Travis Akin, who heads the tort reform group Illinois Lawsuit Abuse Watch, said he can't predict what litigation trends will emerge post- solar eclipse, but he believes that "darkness" created by "frivolous" lawsuits will last a lot longer than the two and a half minutes or so that southern Illinoisans - and others - will experience mid-day a week from today.

"Anytime people get together for a good time you can count on trial lawyers to spoil it for everyone," Akin said.

Whether litigation will arise from slip and falls, lack of restrooms, defective eclipse glasses - or consumers not receiving their protective glasses on time, Akin said he believes lawyers will try to find ways to capitalize on what should be an opportunity for "something spectacular."

A total solar eclipse will make its way across 14 states on Aug. 21 - and some of the best places to view are in southern Illinois. The duration of total darkness in Carbondale is expected to be 2 minutes and 41.6 seconds.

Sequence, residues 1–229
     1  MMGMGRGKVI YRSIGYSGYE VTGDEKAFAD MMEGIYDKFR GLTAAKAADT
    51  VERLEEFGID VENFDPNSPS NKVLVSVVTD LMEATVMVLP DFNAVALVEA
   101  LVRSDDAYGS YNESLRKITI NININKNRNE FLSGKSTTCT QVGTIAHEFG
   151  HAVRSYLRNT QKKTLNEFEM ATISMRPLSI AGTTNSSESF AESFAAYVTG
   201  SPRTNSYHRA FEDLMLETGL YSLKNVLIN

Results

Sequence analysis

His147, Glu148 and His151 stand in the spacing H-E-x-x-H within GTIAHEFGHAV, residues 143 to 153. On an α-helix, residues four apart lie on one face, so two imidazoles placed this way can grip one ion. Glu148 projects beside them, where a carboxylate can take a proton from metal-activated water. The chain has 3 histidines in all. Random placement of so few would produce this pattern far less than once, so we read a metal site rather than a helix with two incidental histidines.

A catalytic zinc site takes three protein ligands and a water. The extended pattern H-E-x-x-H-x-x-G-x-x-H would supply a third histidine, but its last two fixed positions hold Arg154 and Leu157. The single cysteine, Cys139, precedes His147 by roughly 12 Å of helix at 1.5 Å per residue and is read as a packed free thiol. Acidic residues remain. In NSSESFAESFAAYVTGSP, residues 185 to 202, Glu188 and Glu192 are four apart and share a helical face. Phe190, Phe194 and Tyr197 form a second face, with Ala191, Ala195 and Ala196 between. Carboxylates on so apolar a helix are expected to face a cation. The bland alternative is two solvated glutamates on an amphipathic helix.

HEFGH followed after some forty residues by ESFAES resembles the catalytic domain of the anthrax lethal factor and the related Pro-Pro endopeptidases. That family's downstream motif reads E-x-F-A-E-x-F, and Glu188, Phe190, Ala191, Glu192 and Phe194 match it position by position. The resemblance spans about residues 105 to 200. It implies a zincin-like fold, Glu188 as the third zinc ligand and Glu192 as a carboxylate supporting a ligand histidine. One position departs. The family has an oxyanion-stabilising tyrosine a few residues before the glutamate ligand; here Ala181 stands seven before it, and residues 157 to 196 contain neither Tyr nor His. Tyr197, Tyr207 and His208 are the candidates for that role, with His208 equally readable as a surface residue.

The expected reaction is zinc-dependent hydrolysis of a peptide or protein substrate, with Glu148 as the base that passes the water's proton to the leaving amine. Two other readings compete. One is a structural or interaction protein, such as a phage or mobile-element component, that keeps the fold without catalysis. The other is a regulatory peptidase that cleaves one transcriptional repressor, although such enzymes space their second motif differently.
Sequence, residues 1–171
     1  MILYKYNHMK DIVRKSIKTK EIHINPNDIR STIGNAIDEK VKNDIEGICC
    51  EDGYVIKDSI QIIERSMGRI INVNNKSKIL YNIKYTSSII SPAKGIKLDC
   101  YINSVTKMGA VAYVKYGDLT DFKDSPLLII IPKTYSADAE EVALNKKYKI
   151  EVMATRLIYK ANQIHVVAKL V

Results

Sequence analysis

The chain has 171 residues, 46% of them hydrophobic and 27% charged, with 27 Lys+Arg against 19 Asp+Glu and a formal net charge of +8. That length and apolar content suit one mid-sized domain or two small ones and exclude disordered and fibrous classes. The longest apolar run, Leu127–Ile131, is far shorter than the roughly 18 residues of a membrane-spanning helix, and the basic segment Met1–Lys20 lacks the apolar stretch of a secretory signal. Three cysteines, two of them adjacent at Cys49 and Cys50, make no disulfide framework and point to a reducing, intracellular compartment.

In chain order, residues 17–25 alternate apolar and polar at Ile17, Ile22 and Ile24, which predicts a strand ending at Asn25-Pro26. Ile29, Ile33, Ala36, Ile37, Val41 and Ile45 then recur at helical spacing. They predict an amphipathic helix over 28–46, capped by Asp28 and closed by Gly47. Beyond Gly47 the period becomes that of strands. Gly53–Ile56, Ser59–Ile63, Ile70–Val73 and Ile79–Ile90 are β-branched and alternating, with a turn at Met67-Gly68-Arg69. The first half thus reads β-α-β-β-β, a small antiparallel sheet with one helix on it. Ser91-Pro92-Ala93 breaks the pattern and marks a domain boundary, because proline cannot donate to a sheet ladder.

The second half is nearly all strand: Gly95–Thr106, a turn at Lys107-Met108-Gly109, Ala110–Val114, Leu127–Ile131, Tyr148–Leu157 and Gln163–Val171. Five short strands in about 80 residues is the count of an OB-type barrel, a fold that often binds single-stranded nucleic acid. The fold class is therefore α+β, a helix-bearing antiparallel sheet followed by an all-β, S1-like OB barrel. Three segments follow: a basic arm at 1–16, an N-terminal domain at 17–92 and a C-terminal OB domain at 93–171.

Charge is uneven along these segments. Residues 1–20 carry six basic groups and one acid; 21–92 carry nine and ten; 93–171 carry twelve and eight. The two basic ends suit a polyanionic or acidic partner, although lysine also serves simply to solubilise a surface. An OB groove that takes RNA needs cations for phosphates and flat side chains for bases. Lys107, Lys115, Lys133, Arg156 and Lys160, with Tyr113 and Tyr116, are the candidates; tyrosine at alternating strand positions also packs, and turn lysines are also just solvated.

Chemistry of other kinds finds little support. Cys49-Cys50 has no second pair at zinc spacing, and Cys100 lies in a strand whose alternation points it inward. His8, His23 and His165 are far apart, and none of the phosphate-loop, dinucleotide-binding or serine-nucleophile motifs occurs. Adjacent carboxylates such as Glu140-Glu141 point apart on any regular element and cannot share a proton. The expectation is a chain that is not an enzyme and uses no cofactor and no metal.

Experts have been warning that staring at the partially covered sun without protective gear can cause vision loss, and marketers have responded with a range of options for protective eclipse glasses.

But on Sunday, after allegations of counterfeits surfaced, Amazon began a recall of certain eclipse glasses.  

"Safety is among our highest priorities," the company's statement reads. "Out of an abundance of caution, we have proactively reached out to customers and provided refunds for eclipse glasses that may not comply with industry standards. We want customers to buy with confidence anytime they make a purchase on Amazon.com and eclipse glasses sold on Amazon.com are required to comply with the relevant ISO standard."

Akin said there was "no doubt" in his mind that lawsuits will pop up after next week's event, given the swiftness with which lawyers seized the opportunity to sue retailers for allegedly wrongly making customers pay Cook County's soda tax on drink purchases that should have been exempt.

At least three retailers - Walgreens, 7-Eleven and McDonald's - face litigation in Cook County just days after the county began enforcement of a premium tax on sweetened beverages.

"Some retailers accidentlly coded some beverages incorrectly," Akin said. "They refunded money...There was no intention to harm consumers. But plaintiff lawyers lined up."

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